‘A heartless craft’: Spain’s history wars
Spain is ‘among the most amnesiac countries in Europe’. The words are those of a Catalonian member of the Spanish parliament, Joan Herrera, but the sentiment is shared by numerous other politicians and draws on claims made, with more or less subtle inflection, by historians. During the mid-1970s transition from a thirty-five-year dictatorship to democracy, the pressures of change arguably made it not only desirable but necessary to forget the recent past. Whether or not Spain is as exceptional in this respect as its internal critics claim, what the Spanish call their pacto de olvido (agreement to forget, or overlook) has, in the view of today’s centre-left prime minister José Luis Rodríguez Zapatero and his allies, gone on far too long. Whereas the Spanish have enthusiastically acted on international agreements regarding crimes against humanity, most famously in the case of Augusto Pinochet, sentences passed under Francisco Franco’s dictatorship still stand. Meanwhile, although the history curricula of schools in many western European countries, including Britain and Germany, provide a heavy – some say disproportionate – emphasis on the 1930s and ’40s, Spanish children are still taught little about the period. Historians who have worked outside Spain and returned to jobs in their own country find their students more ignorant of the period than those they were teaching abroad.
Public debate about all this has been focused, lately, on a set of government proposals under the umbrella title of a Law of Historical Memory. The bill was first published in September 2006 and since then has been in a process of more or less continuous redrafting, in response to heated interventions not only by professional politicians but also constitutional lawyers, cultural historians and artists. Much of what has been proposed deals with practical matters affecting people who were directly involved in the civil war – increased pensions, medical assistance and compensation. But it also includes clauses requiring local administrations to help identify and excavate mass graves; provision for improved maintenance of and access to archival materials (including military documents) concerning the civil war and the Franco regime; and – in the original version – establishing a council made up of five distinguished social scientists, charged with reconsidering sentences passed under Franco ‘according to the principles and constitutional values that prevail today’. This last was abandoned in April 2007. Another proposal, that every physical monument to the dictatorship should be removed, was ditched in January.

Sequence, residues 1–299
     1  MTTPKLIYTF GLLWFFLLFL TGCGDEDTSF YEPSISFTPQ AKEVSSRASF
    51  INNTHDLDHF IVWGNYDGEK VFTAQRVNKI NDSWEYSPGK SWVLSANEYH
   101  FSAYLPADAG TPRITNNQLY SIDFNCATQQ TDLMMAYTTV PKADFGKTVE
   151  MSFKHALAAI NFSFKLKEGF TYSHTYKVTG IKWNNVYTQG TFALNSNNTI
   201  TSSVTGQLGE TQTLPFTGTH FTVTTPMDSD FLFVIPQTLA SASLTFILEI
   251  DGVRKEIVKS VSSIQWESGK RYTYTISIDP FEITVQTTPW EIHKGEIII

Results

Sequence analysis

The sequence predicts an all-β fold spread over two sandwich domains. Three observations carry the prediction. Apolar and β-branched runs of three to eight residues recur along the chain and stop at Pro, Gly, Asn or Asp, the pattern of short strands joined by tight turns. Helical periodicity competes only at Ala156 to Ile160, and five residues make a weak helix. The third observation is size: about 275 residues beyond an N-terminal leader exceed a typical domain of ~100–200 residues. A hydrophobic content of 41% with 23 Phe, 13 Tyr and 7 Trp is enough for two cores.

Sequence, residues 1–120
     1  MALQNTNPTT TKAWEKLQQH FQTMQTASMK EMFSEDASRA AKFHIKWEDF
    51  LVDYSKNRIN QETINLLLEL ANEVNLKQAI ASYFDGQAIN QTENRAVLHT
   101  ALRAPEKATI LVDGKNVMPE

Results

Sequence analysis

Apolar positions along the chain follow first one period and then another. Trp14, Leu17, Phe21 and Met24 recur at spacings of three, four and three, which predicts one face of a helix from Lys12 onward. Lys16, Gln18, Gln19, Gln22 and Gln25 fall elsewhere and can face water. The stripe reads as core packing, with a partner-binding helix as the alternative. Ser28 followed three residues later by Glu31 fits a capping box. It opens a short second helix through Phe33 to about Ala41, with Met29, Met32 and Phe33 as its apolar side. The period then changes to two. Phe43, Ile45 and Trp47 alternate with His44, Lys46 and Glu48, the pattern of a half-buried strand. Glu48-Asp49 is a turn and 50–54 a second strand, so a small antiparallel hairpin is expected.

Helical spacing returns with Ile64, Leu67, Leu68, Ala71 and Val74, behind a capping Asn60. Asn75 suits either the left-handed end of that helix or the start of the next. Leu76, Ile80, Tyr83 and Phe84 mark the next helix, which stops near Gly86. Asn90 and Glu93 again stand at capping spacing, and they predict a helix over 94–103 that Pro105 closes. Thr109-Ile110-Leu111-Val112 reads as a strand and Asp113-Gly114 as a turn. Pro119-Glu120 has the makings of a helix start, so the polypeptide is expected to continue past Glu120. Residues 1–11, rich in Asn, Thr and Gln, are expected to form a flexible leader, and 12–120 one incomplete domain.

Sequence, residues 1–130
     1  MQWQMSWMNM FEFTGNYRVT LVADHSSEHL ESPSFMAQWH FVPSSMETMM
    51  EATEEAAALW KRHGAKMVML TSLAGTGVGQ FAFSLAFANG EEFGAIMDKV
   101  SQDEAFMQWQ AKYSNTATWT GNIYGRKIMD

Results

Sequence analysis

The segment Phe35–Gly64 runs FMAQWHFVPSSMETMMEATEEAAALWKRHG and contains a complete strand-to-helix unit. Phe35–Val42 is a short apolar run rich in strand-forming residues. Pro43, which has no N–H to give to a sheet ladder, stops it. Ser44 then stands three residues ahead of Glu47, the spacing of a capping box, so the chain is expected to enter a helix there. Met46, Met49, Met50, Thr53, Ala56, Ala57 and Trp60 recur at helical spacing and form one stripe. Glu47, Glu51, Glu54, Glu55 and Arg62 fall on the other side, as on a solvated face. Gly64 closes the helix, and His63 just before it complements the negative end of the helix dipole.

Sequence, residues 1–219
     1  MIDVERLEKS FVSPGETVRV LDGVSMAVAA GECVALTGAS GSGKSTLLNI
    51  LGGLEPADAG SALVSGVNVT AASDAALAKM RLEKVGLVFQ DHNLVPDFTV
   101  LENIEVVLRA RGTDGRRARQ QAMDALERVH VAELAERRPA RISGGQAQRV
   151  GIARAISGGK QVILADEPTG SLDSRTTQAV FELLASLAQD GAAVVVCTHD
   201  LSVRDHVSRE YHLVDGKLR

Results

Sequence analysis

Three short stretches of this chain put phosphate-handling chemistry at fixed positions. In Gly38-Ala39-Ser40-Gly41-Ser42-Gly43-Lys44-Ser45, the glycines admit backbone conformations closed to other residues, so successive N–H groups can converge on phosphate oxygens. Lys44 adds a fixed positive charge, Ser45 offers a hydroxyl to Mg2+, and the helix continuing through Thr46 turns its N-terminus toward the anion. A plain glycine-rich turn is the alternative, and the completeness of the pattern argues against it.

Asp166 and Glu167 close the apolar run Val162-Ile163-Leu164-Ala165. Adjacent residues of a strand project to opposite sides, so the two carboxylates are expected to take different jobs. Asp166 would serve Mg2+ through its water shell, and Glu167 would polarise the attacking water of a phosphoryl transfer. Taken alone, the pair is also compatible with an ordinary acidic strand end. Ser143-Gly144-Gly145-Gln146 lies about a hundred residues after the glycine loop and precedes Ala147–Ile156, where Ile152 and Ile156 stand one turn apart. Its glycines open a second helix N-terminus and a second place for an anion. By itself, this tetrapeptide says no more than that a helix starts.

Parliamentary opposition has been strongest, of course, on the right, which threatened to boycott – and so make unworkable – the revisionist tribunal and which argues that even discussion of the proposals undermines the process of reconciliation that began with the transition to democracy. This isn’t as exaggerated a claim as it may sound. Late in 2006, socialists on the city council of Salamanca tried and failed to overturn a 1936 resolution of the same council by which its most celebrated member, the philosopher Miguel de Unamuno, was expelled. Unamuno, who was rector of the University of Salamanca, had denounced the Nationalist general José Millán Astray in public and to his face. A secret meeting of the council resolved that he was guilty of antipatriotic behaviour and of lacking ‘collective morality’. Whatever differences of opinion there may be today about Unamuno’s work, few would question the idealism and the courage with which he opposed violence. But while the proposal to get a bad old vote reversed seemed fair enough at first glance, it was in fact mischievous: a politically motivated attempt to wrong-foot the conservative Partido Popular, which controls Salamanca council. To some, this is the real motive behind the Law of Historical Memory. They are wrong about that but surely right to object to the idea of revising past sentences according to current norms: what has either history or memory got to do with it? Even for those who accept that such revision is desirable, there are crucial legal difficulties in Spain resulting from the fact that its transition to democracy – unlike Germany’s – was a gradual process, involving the continuation of many institutions and laws.